The Complexities of Color

Every time I get on a plane I get stares. No, not stares in the good way, but in the “Oh my god, he’s on the plane” sort of way. As much as I would like to celebrate the fact that I have two eyes, two arms, and two legs and am physically similar to the rest of mankind, I can’t. I am different. I’m brown.

Often times, individuals falsely operate under the assumption that visible cultural and ethnic differences imply conflict, which would suggest that we ignore racial differences. Ignoring ethnic and racial differences and opting for a more homogenous society would, however, create more tension. Instead, ethnic and racial differences foster communication and dialogue that would otherwise be limited in a more homogenous society. In fact, it is our differences that can often make life interesting and worth living. At a time when members of our campus, both administrators and students, are discussing the nature of student groups on campus, it is important that we recognize the inherent value of and reaffirm our support for student organizations that celebrate the uniqueness of various ethnic, cultural, and religious groups. And for the past 25 years, the Harvard Foundation for Intercultural and Race Relations, an organization whose name reflects its goal, has been committed to bringing students of different racial and ethnic backgrounds together.

The Foundation is meant to encourage a flow and exchange of culture, traditions, and heritage so that we can learn from our differences, but not to grant legitimacy to self-segregation by funding ethnic groups and their events. Self-segregation, in fact, is exactly what we all fear (second, perhaps, only to racism). The Foundation only funds events that are open to the entire Harvard community, and it also requires student groups to actively publicize those events on campus. Group-specific events are crucial—one cannot have the intercultural without the cultural. Thus, the celebration of particular cultures is fundamental to the mission of the Foundation.

Furthermore, in its grants process the Harvard Foundation increases funding by 20 percent for organizations that co-sponsor their events with different ethnic organizations in hopes of bringing together both similar and different people. For instance, last semester the Foundation provided funding for “Stand up for Peace,” a night of comedy featuring an Arab comedian and Jewish comedian, which had a joint sponsorship from the Society of Arab Students and Harvard Students for Israel. In addition to supporting ethnic groups on campus, the Foundation hosts its own events that encourage the betterment of intercultural and race relations. For example, the annual Cultural Rhythms festival embodies ethnic cooperation and celebrates our common humanity while at the same time recognizing our differences.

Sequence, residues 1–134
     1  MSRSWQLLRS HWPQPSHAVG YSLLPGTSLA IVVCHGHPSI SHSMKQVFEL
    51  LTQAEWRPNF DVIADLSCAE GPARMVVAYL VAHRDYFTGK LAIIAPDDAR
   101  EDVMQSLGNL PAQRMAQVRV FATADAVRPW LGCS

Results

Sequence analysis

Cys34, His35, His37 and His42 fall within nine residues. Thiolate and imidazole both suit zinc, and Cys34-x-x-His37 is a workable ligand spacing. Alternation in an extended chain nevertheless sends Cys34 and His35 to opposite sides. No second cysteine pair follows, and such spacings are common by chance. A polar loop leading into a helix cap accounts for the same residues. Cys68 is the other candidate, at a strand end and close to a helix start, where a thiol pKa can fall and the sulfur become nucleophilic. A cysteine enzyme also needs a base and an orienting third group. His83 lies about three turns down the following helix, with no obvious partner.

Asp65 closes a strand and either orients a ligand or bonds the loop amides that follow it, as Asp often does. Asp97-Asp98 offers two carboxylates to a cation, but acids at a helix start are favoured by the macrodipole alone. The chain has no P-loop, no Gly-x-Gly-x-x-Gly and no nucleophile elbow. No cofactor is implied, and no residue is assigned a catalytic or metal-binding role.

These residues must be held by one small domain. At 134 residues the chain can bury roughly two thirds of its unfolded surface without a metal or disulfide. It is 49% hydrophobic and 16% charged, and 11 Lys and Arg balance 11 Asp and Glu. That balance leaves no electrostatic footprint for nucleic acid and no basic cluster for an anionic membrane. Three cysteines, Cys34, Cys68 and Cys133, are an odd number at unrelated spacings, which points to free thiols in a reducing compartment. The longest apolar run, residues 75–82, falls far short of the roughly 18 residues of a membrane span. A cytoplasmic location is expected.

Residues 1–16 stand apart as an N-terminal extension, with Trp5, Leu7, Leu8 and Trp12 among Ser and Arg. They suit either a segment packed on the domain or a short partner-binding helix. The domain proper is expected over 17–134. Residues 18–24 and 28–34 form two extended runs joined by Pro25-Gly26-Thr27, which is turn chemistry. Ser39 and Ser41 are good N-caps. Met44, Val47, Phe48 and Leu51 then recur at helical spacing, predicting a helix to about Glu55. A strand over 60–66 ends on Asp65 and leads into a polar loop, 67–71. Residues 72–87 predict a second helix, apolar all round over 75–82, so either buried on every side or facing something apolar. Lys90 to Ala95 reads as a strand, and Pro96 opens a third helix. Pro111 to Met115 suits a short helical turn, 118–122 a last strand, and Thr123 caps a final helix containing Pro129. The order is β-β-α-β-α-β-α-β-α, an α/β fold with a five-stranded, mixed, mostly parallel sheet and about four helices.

And all the events the Harvard Foundation sponsors—including those focusing on a single group and those integrating the experiences of many—are open to the community and widely publicized. Take, for example, the Thai Society’s New Years Party I attended last Monday. Had it not been for the Thai Society, I wouldn’t have 1) learned about the importance of Thai New Year or 2) have had the pleasure of trying mango sticky rice dessert. And there are many others like me. So many of these organizations encompass people that are not just descendants of a particular ethnicity, but that simply have an interest in that ethnicity and its concomitant culture. The South Asian Association’s main cultural production, Ghungroo, swells every year in participation, particularly from non-South Asian individuals. Last year its cast was more than 20 percent “not-brown,” and its audience was even more diverse. Self-segregation is not the intention behind cultural celebration; rather, it is the antithesis. Cultural celebrations create spaces for social harmony through interaction, involvement, and empathy—making insiders out of the so-called “outsiders.” These events are actually open forums for anyone that is interested in a particular culture, and we would hope that individuals attend these events precisely to combat self-segregation and to participate in the greater intercultural conversation on this campus.


Celebrating differences and recognizing that we are different is a way to improve race relations, whereas pulling on our similarities accomplishes less. At the airport, I’m never just a person—I’m a brown person. And there are issues that simply cannot be detached from this fact. The presence of ethnic organizations can bring issues like this to light. Only when there is adequate dialogue and discussion about being different will we come to some sort of understanding of who we are as a community. This is what the Foundation hopes to do. For, in the end, I, the Foundation, and Harvard as a university all value diversity. Why would we want a society composed of faceless, amorphous, and indistinguishable individuals? That idea scares me. Personally, I would prefer to not live in such a homogeneous world of bullion. For me, the fact that the diversity among us is abundant is a most valuable quality of our life on campus.

Owais Siddiqui ’07 is a government concentrator in Kirkland House. He is an intern for the Harvard Foundation.